I'm at a Christmas Tree store in a strip-mall and it occurs to me this store (one where you can buy stuffed turkeys that say “no tweeting while we eat” and has 12 different styles of fall-cheer wreaths) is like the homeland of that fabled demographic of college educated white women who handed the election to Trump. I bet the women who lived in the houses where we knocked doors to Get Out the Vote in Bucks County, PA bought their decorations somewhere like here.
I start feeling wary of each other shopper I pass. I'm so self-conscious of myself and apparent non-whiteness. I'm wondering if each person who passes me is thinking "Damn immigrants. Go back to your country" and the sort of xenophobic hateful rejoinders no person born in America should ever have to worry about hearing.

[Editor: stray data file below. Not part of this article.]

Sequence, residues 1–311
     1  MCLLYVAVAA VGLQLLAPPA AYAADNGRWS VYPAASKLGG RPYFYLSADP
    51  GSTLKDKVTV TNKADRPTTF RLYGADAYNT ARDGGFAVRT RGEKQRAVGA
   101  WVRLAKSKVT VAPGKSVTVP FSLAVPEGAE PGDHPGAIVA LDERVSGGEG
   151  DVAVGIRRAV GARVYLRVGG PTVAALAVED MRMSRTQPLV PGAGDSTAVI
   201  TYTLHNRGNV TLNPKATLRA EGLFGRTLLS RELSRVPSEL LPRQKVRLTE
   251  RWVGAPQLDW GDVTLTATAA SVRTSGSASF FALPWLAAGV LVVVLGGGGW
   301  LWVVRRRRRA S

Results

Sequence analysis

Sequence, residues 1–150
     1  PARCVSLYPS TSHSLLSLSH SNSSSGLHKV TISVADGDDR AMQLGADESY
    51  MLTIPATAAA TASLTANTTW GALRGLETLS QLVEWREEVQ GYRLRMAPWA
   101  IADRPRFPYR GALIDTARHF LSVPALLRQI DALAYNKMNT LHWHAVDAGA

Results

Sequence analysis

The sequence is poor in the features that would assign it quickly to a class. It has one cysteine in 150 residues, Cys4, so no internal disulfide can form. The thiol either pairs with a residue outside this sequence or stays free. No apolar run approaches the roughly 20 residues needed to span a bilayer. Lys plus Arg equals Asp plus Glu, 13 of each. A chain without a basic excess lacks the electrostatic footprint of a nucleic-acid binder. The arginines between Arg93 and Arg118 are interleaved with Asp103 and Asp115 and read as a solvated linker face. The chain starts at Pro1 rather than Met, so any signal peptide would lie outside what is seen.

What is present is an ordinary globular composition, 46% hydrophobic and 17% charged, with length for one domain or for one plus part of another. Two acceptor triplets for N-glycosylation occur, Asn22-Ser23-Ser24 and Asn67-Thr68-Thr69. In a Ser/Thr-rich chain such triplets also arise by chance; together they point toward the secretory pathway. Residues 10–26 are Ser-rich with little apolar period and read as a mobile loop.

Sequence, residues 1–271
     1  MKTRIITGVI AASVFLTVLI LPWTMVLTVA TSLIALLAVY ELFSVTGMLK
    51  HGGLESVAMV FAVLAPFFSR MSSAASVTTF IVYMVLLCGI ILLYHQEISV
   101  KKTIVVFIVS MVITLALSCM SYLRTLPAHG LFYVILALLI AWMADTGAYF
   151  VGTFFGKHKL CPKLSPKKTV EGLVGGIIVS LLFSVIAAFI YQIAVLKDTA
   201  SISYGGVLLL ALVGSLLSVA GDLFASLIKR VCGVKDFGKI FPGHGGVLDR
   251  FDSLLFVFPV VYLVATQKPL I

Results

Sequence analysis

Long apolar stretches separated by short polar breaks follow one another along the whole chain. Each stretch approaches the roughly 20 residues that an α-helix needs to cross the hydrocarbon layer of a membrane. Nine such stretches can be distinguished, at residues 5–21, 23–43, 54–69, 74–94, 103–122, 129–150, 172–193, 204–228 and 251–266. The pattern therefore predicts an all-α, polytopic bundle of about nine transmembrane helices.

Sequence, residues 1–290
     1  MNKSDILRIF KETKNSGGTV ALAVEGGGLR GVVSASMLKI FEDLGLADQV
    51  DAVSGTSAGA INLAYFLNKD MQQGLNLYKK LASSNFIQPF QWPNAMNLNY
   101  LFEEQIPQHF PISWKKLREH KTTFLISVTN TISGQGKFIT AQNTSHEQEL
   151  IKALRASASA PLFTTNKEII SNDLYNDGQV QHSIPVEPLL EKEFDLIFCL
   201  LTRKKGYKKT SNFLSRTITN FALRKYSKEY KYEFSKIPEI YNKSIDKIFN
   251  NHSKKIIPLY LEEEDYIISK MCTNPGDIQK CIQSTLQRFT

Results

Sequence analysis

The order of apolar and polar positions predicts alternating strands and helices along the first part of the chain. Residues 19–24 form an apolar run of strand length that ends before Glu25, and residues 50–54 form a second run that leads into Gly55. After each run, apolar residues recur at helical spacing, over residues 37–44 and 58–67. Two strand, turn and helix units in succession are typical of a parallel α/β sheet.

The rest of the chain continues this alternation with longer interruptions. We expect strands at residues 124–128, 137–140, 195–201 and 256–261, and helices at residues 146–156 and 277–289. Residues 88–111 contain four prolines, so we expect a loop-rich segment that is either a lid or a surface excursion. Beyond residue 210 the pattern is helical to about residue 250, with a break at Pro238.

But here I am worrying about it and I don't like the new paranoia that is part of my stream of consciousness now.
In the checkout line the white lady in front of me is sizing me up and down and taking a good look at my overflowing shopping cart. I'm wondering what she's thinking and I brace myself for one of the ignorant and rude encounters I read so many of my fellow people of color have had to endure since this election cycle started and especially ramped up after election day.
She then asks me if I have a 20% off coupon and if I want to use hers. I'm startled at how benign this is and I politely tell her it is ok, this is all for work. And she makes a little joke and I am overcompensatingly kind to her because I feel guilty for being so suspicious.
I remember that 96% of all personal experiences I've had with Americans is with people who are decent, kind, simple, friendly, and warm. I want to believe the best in people as a dear friend used to always tell me.